The team is joined by Guest Kats Rosie Burbidge, Stephen Jones, Mathilde Pavis, and Eibhlin Vardy, and by InternKats Verónica Rodríguez Arguijo, Hayleigh Bosher, Tian Lu and Cecilia Sbrolli.

Friday, 9 June 2017

A Tight Squeeze: Matters of Comity and Justiciability


Chugai Pharmaceutical v UCB [2017] EWHC 1216 (Pat) is a decision of Mr Justice Henry Carr (correctly named in full to avoid any possible confusion with Mrs Justice (Sue) Carr), which is given in admirably clear terms despite its complex subject matter. The Japanese pharmaceutical company Chugai was looking for a declaration that it did not have to continue paying royalties to UCB under a patent licence. So far so simple, except that the licence was originally for a portfolio of patents relating to an antibody known as tocilizumab. Over time those patents had expired, save for one US patent ("the 771 Patent"). Some of its tocilizumab products are manufactured and sold in the USA, so Chugai wanted the court to rule that those products fall outside the scope of the claims of the 771 Patent, meaning that it would no longer have to pay for them.

His Lordship explains that the patent was
granted in a country far away ...
UCB said that although the case was put as a claim for a declaration relating to a contract, the proceedings required the court to look into the validity of the 771 Patent, not just the scope of its claims. That would be outside the jurisdiction of the English court, which has no power to determine the validity of a foreign patent. Chugai, on the other hand, said that its case was based on a contractual question that the English court did have jurisdiction to determine. It did not say that the 771 Patent was invalid, nor seek any relief as to invalidity, which was only relied on incidentally to support Chugai's construction.

The judge accepted that Chugai was not claiming that the 771 Patent was invalid, but was asking the court to see, as a guide to construction, what would be the hypothetical consequences for validity of rival interpretations of its claims. This is the type of argument known to patent folks as a "squeeze", in which a particular claim construction in favour of infringement might have consequences for validity, and vice versa, thus requiring the court to give thought to validity in that context. Chugai was therefore raising a dispute about the scope of the claims of a US patent before an English court, but not seeking to invalidate the patent. A subtle but intelligible distinction, at least in the view of this GuestKat.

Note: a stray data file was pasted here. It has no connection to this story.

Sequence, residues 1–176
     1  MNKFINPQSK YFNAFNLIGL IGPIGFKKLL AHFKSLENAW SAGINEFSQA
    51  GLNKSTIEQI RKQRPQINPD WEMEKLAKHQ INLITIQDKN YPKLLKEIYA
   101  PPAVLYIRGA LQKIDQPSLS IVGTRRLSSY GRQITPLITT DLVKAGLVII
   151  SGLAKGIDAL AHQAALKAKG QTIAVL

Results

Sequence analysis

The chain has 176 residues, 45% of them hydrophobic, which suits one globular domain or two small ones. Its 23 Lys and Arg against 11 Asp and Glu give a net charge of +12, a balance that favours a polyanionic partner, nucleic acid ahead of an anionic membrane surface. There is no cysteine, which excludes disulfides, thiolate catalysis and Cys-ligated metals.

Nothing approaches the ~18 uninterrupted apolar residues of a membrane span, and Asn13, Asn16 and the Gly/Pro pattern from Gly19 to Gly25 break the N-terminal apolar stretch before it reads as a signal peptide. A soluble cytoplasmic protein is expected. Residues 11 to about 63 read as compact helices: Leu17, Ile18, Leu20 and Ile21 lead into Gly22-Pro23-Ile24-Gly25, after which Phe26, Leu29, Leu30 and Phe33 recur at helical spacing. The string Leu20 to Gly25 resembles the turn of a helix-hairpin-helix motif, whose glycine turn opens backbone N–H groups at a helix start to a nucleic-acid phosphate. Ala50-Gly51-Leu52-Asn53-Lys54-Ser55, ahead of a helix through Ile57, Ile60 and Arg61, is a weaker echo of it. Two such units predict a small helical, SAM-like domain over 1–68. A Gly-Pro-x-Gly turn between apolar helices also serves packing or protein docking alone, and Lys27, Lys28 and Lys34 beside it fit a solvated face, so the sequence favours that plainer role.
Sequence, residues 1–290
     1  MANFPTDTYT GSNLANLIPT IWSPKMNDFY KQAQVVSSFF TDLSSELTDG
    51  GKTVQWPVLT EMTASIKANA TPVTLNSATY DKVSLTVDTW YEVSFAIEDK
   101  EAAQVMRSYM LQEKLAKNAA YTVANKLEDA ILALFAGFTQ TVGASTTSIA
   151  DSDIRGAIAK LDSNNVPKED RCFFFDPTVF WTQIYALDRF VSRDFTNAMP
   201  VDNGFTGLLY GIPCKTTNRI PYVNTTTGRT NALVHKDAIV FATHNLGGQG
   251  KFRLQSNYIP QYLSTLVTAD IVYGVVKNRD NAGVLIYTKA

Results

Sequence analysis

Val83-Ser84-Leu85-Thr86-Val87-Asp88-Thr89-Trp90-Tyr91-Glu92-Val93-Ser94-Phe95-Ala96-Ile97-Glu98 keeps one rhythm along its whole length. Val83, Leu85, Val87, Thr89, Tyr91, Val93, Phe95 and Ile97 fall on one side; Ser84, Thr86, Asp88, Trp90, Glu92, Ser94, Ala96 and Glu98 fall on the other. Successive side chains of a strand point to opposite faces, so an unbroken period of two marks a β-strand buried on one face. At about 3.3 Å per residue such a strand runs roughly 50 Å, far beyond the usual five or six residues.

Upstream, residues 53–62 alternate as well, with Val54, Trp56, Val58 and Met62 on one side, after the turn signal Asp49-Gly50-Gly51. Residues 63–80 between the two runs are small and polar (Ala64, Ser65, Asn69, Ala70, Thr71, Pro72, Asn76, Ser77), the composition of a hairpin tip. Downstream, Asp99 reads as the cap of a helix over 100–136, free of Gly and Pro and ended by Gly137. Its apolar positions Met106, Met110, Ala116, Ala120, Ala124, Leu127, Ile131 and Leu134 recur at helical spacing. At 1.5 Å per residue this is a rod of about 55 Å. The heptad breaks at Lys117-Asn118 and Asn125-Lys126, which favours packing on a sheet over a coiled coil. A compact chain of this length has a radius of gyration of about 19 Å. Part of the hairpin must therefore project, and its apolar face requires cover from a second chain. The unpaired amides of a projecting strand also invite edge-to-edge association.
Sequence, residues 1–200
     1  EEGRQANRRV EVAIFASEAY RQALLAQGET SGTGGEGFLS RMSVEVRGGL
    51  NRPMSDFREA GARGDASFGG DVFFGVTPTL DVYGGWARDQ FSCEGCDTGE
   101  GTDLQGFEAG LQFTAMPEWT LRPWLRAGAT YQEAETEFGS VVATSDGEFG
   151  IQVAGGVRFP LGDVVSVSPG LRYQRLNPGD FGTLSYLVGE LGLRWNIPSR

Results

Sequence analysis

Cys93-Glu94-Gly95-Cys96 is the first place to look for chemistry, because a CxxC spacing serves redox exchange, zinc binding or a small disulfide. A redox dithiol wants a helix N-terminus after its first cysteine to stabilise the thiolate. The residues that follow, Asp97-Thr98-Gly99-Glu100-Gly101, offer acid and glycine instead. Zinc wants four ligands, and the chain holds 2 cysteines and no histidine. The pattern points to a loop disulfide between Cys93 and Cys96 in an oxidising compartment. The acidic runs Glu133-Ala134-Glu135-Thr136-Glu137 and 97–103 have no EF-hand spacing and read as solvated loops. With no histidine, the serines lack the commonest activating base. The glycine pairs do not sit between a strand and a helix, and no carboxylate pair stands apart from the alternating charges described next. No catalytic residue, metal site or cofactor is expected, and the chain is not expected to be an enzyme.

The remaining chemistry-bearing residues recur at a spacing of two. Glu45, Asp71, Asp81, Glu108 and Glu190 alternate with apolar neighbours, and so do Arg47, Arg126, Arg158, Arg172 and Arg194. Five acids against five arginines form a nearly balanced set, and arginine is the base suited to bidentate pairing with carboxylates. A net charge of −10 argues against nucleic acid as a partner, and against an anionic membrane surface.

The position was similar to that in Celltech v Medimmune [2004] EWHC 1522; [2004] EWCA Civ 1331, where the courts (Jacob LJ upholding Laddie J) held that the parties had bargained to give jurisdiction to the English court concerning the scope of the licensed patents. That was notwithstanding that a party might advance a "squeeze" argument. Laddie J had pointed out at first instance in Celltech that for parties to agree that all issues of infringement should be determined by one court might make good sense from a commercial point of view, giving a greater chance of consistency. It may also reduce the amount of litigation involved and might mean that only one court, and in some cases only one judge, would need be educated in the patented technology.

In the present case, the judge also rejected a submission that it should decline jurisdiction under the rule in Moçambique [1893] AC 602 (an ancient case deciding that an English court has no jurisdiction to entertain an action about matters to do with foreign land, extended to claims about foreign IP rights as a matter of general principle). The current dispute was clearly not principally concerned with the question of validity, and it was correctly characterised as a contractual claim in which the parties had agreed that the scope of the patent should be determined by the English court; it was not an affront to comity to give effect to that agreement. This case was therefore within the longstanding contractual exception to the Moçambique rule.

Nor would the adjudication of the matters before the court be contrary to the doctrine of "act of state", because the court was not being asked to challenge the validity of foreign legislation or government acts. Anyone can challenge a patent in court proceedings, so the act of state doctrine was not an impediment, even if validity were in issue.

Finally, whilst not needing to decide the point in view of the conclusions he had reached, the judge confirmed that in his view direct challenges to the validity of foreign patents should not be justiciable in the English courts. That should be left to judges of the country in which the patent was granted, as held in Lucasfilm [2009] EWCA Civ 1328; [2010] Ch 503 at [175] per Jacob LJ.

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